In the Master's Eye: Representations of Women, Blacks, and Poor Whites in Antebellum Southern Literature

By Susan J. Tracy | Go to book overview

Conclusion

AT NO OTHER TIME in the history of the United States has such a small ruling class held so commanding an influence over the economic, political, and intellectual life of a region as did the antebellum planter class. While slaveholding was comparatively widespread among Southerners, the great majority of slaves lived on the largest Eastern and Southwestern cotton plantations and those estates that dotted the Mississippi River. Gavin Wright notes that between 1850 and 1860, "slaveholders controlled between 90 and 95 percent of agricultural wealth." 1 In a region where industrial and commercial wealth was negligible, planters (those owning twenty or more slaves) dominated officeholding in the state and in the Congressional delegations. What is remarkable about the antebellum planter class is not that they defended their class position articulately and effectively--after all, that is what ruling classes do--it is the power they commanded to suppress legitimate debate of slavery as an institution.

It was in this climate of authoritarian suppression that Caruthers, Kennedy, N. B. Tucker, and Simms lived and produced their proslavery novels. Although Tucker and Simms were more vociferous in their proslavery politics than Caruthers and Kennedy, these latter writers agreed with the racial and class prejudices of the planter class and Kennedy produced one of the classic proslavery novels. They used familiar literary conventions formulated by European writers as well as that of the new historical romance developed by Sir Walter Scott to make a Southern contribution to American literature and to formulate the literary proslavery defense for the planter class. What these authors offer, then, is a unique perspective on the planter worldview as it emerged in their fiction. However, had they written from the contradictions and complexities of their own lives, the literature they produced might have been more compelling.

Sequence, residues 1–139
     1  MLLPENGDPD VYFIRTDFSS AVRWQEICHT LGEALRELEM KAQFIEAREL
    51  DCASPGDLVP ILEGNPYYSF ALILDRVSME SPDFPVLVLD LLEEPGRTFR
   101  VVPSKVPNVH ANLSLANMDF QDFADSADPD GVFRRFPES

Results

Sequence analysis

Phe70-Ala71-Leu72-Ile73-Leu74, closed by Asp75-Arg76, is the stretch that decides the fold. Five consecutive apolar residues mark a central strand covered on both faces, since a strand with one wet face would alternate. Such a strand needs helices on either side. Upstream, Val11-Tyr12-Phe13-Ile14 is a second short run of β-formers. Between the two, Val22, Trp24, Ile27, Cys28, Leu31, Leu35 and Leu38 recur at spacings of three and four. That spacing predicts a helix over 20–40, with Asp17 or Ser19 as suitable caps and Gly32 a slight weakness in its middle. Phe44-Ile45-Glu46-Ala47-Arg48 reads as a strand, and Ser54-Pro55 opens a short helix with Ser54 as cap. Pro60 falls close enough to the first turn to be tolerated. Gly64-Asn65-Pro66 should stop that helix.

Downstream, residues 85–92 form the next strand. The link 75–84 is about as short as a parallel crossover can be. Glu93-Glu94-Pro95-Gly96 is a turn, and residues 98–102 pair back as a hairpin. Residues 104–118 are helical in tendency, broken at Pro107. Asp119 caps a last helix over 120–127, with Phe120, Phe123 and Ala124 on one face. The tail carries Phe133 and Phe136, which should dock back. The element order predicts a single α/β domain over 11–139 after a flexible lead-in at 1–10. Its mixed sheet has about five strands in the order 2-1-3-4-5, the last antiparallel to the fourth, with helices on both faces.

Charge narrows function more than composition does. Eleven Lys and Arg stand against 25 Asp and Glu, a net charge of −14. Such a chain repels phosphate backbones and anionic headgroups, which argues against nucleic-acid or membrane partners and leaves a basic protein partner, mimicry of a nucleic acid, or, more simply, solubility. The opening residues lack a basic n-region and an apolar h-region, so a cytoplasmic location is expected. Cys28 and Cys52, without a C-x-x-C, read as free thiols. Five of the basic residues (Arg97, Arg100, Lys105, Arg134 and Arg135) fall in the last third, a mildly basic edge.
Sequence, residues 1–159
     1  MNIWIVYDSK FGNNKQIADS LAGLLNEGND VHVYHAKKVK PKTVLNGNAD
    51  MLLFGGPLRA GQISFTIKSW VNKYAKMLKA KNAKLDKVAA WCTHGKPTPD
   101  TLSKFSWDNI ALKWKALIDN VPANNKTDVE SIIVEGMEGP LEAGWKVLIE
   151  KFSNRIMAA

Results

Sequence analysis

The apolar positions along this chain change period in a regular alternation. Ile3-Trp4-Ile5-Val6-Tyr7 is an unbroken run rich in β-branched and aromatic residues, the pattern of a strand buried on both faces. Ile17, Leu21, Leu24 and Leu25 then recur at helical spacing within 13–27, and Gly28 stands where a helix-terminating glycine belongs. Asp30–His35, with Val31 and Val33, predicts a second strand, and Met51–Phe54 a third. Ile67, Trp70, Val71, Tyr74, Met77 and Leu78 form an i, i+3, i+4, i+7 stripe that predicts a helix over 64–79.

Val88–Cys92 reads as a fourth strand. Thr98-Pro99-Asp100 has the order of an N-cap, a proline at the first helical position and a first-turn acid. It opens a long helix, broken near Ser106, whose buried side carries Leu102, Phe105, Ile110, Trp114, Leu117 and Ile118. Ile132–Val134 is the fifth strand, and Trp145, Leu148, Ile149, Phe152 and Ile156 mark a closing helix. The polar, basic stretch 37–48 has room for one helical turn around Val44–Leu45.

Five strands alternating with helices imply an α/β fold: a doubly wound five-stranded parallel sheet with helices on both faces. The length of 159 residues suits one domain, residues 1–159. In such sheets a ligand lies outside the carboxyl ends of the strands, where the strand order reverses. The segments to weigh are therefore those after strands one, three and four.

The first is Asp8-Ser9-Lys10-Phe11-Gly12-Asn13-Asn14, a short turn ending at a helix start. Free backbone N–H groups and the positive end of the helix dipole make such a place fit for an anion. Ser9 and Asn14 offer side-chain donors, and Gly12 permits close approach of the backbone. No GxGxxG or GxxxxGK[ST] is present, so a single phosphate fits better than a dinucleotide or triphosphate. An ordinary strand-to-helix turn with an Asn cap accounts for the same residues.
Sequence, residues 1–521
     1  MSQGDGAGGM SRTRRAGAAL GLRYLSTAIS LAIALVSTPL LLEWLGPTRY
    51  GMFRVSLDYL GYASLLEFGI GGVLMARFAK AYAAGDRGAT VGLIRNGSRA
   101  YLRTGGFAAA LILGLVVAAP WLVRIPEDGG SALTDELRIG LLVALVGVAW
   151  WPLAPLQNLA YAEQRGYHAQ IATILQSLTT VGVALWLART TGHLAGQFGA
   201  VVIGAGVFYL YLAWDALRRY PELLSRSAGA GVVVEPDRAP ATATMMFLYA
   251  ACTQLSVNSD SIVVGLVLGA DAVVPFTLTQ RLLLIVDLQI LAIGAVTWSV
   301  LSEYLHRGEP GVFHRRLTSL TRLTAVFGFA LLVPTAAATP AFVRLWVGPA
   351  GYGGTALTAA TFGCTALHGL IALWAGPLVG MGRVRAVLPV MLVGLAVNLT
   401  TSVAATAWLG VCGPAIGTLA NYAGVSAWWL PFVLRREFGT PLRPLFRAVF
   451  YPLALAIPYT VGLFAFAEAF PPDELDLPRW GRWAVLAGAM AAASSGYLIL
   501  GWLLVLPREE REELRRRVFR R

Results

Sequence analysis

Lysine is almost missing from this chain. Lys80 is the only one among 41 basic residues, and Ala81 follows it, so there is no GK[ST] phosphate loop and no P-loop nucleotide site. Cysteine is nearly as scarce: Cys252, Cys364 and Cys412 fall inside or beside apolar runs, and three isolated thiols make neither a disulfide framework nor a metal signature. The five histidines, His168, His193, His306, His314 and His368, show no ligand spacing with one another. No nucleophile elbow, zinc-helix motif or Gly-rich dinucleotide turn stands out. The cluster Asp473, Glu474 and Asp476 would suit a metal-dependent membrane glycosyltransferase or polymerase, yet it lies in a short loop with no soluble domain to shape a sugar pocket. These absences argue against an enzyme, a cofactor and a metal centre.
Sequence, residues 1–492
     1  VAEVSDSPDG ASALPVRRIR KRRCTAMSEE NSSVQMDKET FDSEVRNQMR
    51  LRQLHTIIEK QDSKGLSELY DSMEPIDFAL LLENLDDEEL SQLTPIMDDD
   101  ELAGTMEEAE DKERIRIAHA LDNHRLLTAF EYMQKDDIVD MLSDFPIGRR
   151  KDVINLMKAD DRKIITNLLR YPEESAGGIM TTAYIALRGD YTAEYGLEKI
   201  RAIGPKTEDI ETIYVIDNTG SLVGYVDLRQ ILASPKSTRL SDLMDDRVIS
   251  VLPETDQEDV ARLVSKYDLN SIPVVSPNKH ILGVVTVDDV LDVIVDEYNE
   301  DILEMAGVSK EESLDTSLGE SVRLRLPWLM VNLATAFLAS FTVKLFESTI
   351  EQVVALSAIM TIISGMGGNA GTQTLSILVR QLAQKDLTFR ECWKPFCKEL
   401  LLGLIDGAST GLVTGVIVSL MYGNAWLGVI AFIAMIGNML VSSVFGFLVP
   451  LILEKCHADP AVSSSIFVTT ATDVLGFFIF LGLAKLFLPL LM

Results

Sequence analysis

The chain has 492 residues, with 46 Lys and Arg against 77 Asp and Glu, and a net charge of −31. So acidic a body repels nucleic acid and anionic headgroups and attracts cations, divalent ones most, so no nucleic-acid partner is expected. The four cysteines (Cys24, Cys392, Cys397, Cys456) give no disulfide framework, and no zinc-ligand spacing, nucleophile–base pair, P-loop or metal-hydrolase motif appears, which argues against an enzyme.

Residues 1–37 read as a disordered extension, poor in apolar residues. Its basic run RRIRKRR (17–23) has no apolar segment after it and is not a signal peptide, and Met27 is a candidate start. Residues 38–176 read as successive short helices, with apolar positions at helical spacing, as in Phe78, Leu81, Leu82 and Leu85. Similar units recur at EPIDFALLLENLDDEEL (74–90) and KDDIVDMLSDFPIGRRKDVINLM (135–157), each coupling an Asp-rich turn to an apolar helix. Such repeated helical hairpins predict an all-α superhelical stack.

For instance, John Pendleton Kennedy, a lawyer, is the only one of the authors to work in the commercial sector and the only one who refused to own slaves. He held the post of secretary of the navy in the Polk administration and opposed secession. Except for humorous jibes at his countrymen and women, who imagine themselves a neo-aristocracy, his more liberal politics never appear in his work. Similarly, Caruthers, for all his liberalism, married into a wealthy Georgian slaveholding family and celebrated white Christian America's "manifest destiny" to conquer Native Americans and

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